A laterculus was, in late antiquity or the early medieval period, an inscribed tile, stone or terracotta tablet used for publishing certain kinds of information in list or calendar form. The term thus came to be used for the content represented by such an inscription, most often a list, register, or table, regardless of the medium in which it was published. A list of soldiers in a Roman military unit, such as of those recruited or discharged in a given year, may be called a laterculus, an example of which is found in an inscription from Vindonissa. The equivalent Greek term is plinthos (πλίνθος; see plinth for the architectural use).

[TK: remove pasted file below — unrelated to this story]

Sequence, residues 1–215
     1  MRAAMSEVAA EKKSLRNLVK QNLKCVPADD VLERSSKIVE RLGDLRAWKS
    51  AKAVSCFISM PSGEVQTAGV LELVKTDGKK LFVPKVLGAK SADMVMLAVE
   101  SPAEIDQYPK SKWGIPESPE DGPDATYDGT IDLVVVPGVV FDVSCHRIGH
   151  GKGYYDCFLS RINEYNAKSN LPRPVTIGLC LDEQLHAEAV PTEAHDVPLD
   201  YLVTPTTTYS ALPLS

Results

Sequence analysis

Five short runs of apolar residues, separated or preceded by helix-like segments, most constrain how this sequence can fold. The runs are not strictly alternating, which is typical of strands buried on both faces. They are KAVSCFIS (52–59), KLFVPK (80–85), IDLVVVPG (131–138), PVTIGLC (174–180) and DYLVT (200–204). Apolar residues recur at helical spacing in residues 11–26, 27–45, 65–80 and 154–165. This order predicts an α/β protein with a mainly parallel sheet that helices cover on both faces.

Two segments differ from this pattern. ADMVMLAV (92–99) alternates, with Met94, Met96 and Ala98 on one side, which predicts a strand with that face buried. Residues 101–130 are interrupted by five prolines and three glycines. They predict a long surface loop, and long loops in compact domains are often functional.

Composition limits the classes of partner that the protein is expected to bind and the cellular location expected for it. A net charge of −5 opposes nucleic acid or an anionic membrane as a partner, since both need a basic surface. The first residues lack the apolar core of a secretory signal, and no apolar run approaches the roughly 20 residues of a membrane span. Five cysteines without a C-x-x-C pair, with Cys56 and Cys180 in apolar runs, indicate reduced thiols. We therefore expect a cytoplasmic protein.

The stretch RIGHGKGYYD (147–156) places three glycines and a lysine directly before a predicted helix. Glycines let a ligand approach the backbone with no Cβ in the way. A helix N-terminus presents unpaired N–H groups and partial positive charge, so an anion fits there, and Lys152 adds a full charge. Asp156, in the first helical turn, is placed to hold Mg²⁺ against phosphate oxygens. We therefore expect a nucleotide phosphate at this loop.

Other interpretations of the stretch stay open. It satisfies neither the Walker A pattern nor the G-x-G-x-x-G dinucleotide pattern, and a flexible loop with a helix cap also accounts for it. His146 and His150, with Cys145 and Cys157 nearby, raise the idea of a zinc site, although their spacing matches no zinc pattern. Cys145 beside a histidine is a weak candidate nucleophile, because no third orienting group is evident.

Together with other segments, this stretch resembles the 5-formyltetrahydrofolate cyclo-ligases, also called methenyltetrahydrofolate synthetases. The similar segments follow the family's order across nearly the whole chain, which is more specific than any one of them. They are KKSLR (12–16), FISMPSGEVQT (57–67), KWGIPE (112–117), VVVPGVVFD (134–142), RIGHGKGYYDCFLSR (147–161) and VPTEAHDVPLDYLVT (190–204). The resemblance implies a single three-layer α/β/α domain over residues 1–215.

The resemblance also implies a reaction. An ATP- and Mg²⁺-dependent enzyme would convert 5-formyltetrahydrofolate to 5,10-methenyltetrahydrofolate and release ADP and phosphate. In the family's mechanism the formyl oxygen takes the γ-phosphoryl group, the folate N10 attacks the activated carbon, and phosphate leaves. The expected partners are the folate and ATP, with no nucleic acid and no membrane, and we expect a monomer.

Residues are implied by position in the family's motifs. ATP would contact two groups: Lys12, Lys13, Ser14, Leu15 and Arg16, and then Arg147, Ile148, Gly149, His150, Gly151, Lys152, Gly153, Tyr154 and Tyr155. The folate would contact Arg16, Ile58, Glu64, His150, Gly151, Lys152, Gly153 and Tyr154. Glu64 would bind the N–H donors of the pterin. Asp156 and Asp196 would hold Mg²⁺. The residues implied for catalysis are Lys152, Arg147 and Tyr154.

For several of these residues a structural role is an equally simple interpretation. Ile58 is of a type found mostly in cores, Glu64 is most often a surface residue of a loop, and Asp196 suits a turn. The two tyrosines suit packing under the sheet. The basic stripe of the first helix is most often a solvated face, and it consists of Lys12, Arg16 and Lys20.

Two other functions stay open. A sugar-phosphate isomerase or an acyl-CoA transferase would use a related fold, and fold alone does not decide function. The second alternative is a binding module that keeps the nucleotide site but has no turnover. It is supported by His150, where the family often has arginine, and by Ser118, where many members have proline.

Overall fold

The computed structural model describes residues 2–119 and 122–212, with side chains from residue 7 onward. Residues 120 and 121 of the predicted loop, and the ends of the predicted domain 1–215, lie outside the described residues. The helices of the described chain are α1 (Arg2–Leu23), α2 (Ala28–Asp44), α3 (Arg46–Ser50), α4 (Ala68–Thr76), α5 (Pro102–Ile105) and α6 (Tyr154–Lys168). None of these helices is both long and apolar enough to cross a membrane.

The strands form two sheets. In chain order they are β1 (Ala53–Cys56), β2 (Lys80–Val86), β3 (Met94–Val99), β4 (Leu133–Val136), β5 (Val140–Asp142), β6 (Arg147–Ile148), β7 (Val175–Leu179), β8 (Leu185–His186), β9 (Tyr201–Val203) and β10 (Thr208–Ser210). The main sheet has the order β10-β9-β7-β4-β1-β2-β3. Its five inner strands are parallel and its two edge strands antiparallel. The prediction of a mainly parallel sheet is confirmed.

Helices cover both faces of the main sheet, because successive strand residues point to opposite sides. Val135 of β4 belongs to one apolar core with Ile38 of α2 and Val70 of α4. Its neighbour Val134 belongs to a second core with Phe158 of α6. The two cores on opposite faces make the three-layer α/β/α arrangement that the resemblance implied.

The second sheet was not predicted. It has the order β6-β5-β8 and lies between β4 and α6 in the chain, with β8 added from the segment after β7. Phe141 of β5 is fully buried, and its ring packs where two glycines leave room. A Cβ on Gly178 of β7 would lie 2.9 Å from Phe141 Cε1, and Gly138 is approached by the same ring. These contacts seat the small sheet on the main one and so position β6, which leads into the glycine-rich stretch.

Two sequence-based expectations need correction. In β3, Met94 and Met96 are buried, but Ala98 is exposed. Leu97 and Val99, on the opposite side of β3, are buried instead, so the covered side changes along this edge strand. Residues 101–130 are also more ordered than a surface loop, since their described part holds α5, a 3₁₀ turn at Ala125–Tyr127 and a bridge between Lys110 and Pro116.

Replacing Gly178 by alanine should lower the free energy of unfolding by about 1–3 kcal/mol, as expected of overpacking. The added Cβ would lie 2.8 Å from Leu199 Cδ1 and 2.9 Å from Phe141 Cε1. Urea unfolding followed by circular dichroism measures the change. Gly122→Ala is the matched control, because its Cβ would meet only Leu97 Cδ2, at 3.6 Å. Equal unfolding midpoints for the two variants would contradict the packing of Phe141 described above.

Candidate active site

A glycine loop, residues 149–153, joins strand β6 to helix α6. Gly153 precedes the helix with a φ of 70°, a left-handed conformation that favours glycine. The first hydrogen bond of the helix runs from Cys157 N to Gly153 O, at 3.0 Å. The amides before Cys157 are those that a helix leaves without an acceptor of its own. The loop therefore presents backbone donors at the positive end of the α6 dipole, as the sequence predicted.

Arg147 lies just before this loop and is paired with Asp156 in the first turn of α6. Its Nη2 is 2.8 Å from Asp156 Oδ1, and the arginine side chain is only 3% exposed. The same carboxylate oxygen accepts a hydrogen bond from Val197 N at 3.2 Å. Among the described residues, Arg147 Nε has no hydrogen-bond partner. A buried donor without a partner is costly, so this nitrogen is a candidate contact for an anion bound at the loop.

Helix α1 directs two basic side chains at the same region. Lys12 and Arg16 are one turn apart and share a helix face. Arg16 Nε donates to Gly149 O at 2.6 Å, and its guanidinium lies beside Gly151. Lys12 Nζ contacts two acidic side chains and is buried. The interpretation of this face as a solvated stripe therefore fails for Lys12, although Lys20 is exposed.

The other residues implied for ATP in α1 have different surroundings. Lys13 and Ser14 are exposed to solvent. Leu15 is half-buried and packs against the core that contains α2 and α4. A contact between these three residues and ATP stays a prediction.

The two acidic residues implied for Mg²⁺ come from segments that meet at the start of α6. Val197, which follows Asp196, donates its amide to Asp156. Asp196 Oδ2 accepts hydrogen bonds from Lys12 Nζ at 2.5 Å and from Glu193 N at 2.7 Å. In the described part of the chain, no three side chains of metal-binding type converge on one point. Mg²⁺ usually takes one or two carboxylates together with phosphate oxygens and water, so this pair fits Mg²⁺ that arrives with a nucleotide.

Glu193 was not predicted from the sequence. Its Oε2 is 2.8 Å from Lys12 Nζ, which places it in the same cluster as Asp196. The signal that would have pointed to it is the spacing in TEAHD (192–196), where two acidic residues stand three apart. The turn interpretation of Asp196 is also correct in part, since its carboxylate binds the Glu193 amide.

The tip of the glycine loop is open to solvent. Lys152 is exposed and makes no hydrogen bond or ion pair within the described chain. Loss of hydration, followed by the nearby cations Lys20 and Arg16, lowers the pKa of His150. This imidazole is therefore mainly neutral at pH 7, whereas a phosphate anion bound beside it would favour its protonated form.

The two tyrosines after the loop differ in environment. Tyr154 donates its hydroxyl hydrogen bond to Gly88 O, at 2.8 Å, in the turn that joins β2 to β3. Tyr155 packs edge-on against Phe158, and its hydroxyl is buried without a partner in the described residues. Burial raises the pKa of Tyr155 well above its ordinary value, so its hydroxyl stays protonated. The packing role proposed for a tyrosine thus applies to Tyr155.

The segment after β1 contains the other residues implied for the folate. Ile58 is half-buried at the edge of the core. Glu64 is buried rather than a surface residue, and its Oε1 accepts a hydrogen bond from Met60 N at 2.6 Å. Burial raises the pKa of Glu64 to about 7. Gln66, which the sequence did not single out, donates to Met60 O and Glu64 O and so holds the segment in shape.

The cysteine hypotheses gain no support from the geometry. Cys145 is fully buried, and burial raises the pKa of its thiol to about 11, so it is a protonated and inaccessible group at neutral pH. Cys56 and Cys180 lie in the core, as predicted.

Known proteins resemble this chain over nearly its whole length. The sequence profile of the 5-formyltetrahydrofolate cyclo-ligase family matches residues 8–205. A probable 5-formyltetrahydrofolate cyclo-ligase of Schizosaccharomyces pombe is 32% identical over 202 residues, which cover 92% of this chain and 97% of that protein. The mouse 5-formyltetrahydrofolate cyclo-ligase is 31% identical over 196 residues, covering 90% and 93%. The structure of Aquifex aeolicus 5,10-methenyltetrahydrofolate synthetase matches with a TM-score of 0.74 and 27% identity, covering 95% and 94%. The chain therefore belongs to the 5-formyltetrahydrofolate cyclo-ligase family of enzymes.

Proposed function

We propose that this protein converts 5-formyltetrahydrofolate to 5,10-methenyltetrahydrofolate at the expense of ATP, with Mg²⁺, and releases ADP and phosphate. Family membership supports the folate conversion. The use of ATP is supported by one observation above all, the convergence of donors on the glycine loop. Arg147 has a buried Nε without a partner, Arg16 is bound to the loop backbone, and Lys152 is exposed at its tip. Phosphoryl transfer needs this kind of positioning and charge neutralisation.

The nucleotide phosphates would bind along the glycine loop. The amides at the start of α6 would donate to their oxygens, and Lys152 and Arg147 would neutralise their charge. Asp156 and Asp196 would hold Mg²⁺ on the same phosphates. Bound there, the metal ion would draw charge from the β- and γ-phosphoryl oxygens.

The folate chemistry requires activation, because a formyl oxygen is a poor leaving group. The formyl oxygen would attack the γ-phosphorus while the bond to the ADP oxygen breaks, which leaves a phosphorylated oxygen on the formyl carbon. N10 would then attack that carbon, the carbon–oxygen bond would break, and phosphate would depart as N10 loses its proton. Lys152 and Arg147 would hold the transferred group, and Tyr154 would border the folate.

A common type of laterculus was the computus, a table that calculates the date of Easter, and so laterculus will often be equivalent to fasti. Isidore of Seville said that a calendar cycle should be called a laterculus "because it has the years put in order by rows," that is, in a table.

List of laterculi

Notable laterculi include:

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